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Value addition, means to robust economy

BY: Emmanuel Bruce
Participants at the event

FOR the umpteen time, value addition has emerged as the sustainable route to creating a robust economy that can feed itself and provide decent jobs for majority of the citizens.

An Associate Professor at the Department of Economics at the University of Ghana, Professor Eric Osei-Assibey, said in Accra that the country should capitalise on the current challenges to realise what it had preached for decades.

Prof Assibey called for a reset of the economy from the old age style of exporting raw materials and importing finished goods to one that was manufacturing-oriented, export-led and jobs-centered.

He said such a change was needed to bring meaningful progress to the country and, there is the need for a shift from what he described as the ‘Guggisberg economy’ which is reliant on the export of raw materials to one that is focused on value addition and industrialisation.

Time is now

Speaking as the Chairman for the Graphic Business/ Stanbic Bank Breakfast Meeting, the Associate Professor said “we need to reset the economy. The time has come for us to reset our economy from the Guggisberg type and begin to focus on the productive sectors.”

He said until the country solved the rigidities in the manufacturing and productive sectors of the economy, it would continue to be faced with challenges.

“We have not added value to our raw materials, we have not tackled the bottlenecks along the value chain of our production and what that means is that, our productivity and exports would be low, our unit cost of production will be high so from the word go, you become an inflationary state.

“Anything we produce will not be competitive and, therefore, we will not be able to export more and the inflationary levels will go up, interest rates will also be high which comes back to increase prices further,” he explained.

He said the government must, therefore, implement measures that would tackle the productive base of the economy.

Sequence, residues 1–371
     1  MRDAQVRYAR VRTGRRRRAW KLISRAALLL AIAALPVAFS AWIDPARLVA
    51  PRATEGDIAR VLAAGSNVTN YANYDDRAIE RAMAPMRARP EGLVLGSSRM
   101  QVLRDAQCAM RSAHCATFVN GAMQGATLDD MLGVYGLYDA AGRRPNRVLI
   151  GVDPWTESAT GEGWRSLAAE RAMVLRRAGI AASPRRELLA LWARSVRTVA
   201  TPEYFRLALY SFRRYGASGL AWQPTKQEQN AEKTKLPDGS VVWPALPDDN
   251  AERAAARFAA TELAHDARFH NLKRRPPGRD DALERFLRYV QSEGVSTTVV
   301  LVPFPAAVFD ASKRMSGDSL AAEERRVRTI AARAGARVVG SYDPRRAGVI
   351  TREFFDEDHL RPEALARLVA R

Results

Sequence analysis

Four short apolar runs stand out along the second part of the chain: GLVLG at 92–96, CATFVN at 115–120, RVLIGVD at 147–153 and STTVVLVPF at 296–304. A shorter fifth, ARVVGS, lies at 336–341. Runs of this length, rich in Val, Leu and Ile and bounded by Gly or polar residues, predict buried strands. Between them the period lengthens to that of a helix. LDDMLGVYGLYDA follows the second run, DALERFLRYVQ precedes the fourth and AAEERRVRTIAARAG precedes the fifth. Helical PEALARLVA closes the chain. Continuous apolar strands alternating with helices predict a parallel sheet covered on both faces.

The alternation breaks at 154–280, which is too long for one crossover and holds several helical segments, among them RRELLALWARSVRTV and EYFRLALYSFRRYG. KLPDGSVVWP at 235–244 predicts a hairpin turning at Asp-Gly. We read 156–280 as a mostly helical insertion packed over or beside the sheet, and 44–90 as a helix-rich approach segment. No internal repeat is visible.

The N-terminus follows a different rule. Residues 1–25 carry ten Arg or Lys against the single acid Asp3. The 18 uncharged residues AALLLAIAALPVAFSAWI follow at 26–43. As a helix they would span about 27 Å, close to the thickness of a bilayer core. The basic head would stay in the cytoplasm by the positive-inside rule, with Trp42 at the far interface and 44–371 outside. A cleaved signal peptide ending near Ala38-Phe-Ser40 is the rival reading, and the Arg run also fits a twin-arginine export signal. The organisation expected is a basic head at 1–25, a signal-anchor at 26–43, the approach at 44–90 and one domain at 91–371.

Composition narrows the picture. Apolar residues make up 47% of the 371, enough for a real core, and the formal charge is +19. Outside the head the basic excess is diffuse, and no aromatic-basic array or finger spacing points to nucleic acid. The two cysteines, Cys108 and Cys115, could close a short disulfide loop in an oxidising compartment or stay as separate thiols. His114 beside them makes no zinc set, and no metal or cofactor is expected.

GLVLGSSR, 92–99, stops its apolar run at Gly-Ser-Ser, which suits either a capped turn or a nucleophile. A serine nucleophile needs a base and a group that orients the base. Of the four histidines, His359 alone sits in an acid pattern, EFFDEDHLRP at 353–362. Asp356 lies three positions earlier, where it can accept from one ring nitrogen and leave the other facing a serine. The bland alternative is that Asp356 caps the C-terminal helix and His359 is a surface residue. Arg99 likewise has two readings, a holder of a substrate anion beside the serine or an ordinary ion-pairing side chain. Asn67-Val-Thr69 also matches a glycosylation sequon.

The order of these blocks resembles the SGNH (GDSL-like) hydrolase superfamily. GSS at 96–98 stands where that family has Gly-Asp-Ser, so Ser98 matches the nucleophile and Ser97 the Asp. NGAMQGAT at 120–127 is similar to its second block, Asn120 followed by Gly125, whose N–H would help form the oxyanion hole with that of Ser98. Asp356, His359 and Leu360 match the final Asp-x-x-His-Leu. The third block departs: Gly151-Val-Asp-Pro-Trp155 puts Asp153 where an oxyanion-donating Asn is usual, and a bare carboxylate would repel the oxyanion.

He advised that most of the borrowings must be channelled into making sure that the productive sectors of the economy were up and running.

“We need to reduce inefficiencies, remove the bottlenecks and enhance productivity so that our per unit cost of production is much reduced, transaction cost is reduced, reduce inflation and we will be able to have a much more stable and competitive macro-economic environment.

“This will also ensure that we generate enough revenue for the country, create more employment and be able to bring in a lot more foreign currency to shore up our currency,” he pointed out.

Evidence based decisions

Prof Osei-Assibey also stressed the need for evidence based decisions and policies in the country.

He lamented that the country currently did not have any blueprints that guides policies.

“Our policies are not driven by evidence and research. Making policy decisions that are based on evidence and research will guide us on what will be the response of the people to the policies, to what extent we will get the desired results, and how long it will take to achieve the results.

“So before we come out with policies, we should have done research to be able to know the end from the beginning which we don’t do. So we bring in the policy and it hits a snag and we end up wasting a lot of time,” he stated.

Accepting mistakes

The renowned economist also noted that for the economy to move forward, the country needed to accept its mistakes and implement reforms.

“If you don’t accept your mistakes, you will never learn from it. We not dwelling on these mistakes and wasting precious time is also key and learning from it,” he stated.

He said the reason why the country keeps going to the International Monetary Fund for bailouts was because it kept making the same mistakes over and over again.

“We continue to be fiscally indisciplined, we borrow for consumption and not for capital projects, and there are so many loopholes, inefficiencies and waste in the system,” he said.